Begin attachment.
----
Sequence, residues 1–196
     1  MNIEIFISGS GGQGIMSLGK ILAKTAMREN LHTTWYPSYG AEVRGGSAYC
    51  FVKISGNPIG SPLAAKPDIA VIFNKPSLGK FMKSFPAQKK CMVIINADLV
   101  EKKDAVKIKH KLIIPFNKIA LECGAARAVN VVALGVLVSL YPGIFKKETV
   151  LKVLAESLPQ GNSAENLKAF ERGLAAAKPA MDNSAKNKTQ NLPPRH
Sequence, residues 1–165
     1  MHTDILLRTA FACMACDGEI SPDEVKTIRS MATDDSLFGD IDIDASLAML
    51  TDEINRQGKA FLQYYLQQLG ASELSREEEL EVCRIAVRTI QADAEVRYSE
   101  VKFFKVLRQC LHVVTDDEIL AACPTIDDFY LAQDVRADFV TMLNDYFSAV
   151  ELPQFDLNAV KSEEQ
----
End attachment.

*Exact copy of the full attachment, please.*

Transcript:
Sequence, residues 1–196
     1  MNIEIFISGS GGQGIMSLGK ILAKTAMREN LHTTWYPSYG AEVRGGSAYC
    51  FVKISGNPIG SPLAAKPDIA VIFNKPSLGK FMKSFPAQKK CMVIINADLV
   101  EKKDAVKIKH KLIIPFNKIA LECGAARAVN VVALGVLVSL YPGIFKKETV
   151  LKVLAESLPQ GNSAENLKAF ERGLAAAKPA MDNSAKNKTQ NLPPRH
Sequence, residues 1–165
     1  MHTDILLRTA FACMACDGEI SPDEVKTIRS MATDDSLFGD IDIDASLAML
    51  TDEINRQGKA FLQYYLQQLG ASELSREEEL EVCRIAVRTI QADAEVRYSE
   101  VKFFKVLRQC LHVVTDDEIL AACPTIDDFY LAQDVRADFV TMLNDYFSAV
   151  ELPQFDLNAV KSEEQ